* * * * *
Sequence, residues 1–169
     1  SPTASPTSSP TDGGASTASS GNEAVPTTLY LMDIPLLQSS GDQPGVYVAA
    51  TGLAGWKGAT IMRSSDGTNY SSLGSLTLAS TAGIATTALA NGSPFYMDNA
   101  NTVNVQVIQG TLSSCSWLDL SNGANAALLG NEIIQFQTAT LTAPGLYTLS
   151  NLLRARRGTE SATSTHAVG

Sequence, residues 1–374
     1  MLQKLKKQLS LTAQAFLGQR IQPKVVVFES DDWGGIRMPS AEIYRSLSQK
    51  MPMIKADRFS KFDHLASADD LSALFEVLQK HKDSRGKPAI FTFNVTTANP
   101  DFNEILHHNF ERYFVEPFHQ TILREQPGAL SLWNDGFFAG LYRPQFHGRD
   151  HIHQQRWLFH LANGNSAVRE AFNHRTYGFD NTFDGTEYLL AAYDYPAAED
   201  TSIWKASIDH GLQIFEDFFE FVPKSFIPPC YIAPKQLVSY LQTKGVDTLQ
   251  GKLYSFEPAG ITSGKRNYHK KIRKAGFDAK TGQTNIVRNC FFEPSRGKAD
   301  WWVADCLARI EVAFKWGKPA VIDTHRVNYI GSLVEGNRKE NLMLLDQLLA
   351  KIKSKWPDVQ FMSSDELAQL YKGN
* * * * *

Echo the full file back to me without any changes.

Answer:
Sequence, residues 1–169
     1  SPTASPTSSP TDGGASTASS GNEAVPTTLY LMDIPLLQSS GDQPGVYVAA
    51  TGLAGWKGAT IMRSSDGTNY SSLGSLTLAS TAGIATTALA NGSPFYMDNA
   101  NTVNVQVIQG TLSSCSWLDL SNGANAALLG NEIIQFQTAT LTAPGLYTLS
   151  NLLRARRGTE SATSTHAVG

Sequence, residues 1–374
     1  MLQKLKKQLS LTAQAFLGQR IQPKVVVFES DDWGGIRMPS AEIYRSLSQK
    51  MPMIKADRFS KFDHLASADD LSALFEVLQK HKDSRGKPAI FTFNVTTANP
   101  DFNEILHHNF ERYFVEPFHQ TILREQPGAL SLWNDGFFAG LYRPQFHGRD
   151  HIHQQRWLFH LANGNSAVRE AFNHRTYGFD NTFDGTEYLL AAYDYPAAED
   201  TSIWKASIDH GLQIFEDFFE FVPKSFIPPC YIAPKQLVSY LQTKGVDTLQ
   251  GKLYSFEPAG ITSGKRNYHK KIRKAGFDAK TGQTNIVRNC FFEPSRGKAD
   301  WWVADCLARI EVAFKWGKPA VIDTHRVNYI GSLVEGNRKE NLMLLDQLLA
   351  KIKSKWPDVQ FMSSDELAQL YKGN